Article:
Social security with differential mortality
Journal of Macroeconomics
This paper examines the welfare angle of Pay As You Go (PAYG) type social security under differential mortality among different income groups. Empirical evidence suggests that agents who have low income tend to start working earlier and have shorter longevity than those with middle or high income. Since a PAYG social security program collects payroll taxes whenever agents are working, and it pays retirement benefits as long as retirees are alive, each individual's well being depends on how longthey contribute to and receive payments from this program as well as how much. Implications of the low income groups’ shorter longevity are examined both analytically and quantitatively. In the analytical part, in a simple two period partial equilibrium model, we observe that a social security program can have regressive outcome even though the benefits of the program are designed to be progressive. We also derive the conditions under which this can happen. Afterwards, we create a large scale quantitative OLG model calibrated to the US economy to compare aggregate and welfare implications of the US type PAYG, a non progressive PAYG, and a means tested pension program. Our results clearly indicate that incorporating differential mortality into the model changes the welfare implications of social security programs.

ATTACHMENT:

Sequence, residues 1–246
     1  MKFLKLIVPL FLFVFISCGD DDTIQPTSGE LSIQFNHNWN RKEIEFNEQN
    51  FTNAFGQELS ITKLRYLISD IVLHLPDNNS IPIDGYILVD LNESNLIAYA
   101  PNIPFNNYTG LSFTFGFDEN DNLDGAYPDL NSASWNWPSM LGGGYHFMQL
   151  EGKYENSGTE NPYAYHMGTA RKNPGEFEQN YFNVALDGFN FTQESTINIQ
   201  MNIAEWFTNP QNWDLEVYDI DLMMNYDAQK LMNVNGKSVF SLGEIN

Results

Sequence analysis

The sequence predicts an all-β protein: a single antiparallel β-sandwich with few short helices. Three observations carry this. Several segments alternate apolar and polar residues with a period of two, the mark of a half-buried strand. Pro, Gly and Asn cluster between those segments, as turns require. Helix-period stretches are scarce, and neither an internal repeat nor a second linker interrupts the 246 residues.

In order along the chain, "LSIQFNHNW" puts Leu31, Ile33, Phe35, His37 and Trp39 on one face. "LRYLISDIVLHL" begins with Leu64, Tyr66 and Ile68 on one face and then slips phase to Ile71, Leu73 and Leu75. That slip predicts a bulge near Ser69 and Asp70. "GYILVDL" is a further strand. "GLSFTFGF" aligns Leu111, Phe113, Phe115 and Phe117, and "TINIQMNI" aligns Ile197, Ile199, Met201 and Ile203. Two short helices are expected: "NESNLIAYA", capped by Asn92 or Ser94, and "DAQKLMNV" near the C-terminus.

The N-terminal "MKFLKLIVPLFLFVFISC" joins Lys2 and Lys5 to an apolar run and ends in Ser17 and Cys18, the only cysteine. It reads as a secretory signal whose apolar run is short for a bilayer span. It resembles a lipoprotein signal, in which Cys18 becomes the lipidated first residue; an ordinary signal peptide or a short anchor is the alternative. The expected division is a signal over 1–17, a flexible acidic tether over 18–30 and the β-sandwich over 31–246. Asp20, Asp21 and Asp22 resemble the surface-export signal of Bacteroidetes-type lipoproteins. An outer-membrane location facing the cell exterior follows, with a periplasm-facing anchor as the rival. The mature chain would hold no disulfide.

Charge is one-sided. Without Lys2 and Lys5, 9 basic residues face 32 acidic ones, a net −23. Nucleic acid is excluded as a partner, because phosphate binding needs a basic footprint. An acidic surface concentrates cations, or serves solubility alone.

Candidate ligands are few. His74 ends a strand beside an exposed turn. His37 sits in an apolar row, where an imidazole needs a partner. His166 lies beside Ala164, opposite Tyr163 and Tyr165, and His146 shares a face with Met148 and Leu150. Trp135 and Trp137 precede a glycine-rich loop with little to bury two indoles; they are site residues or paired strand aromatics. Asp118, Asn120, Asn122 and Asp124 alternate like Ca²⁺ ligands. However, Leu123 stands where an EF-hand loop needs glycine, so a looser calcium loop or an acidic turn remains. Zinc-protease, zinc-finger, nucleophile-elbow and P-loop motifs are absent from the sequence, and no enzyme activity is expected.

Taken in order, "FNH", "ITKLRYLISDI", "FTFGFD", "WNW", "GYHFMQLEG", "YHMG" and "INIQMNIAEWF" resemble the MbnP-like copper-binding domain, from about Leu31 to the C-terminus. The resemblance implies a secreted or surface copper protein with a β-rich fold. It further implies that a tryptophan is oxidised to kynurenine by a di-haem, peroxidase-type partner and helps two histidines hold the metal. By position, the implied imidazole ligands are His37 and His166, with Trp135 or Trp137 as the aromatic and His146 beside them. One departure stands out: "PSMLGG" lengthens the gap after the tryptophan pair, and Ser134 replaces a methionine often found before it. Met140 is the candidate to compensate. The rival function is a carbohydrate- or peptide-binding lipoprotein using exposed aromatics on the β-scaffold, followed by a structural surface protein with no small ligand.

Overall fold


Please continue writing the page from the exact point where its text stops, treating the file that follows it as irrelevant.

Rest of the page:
Bishnu, Monisankar; Guo, Nick L.; and Kumru, Cagri S., "Social security with differential mortality" (2019). Journal Articles. 609.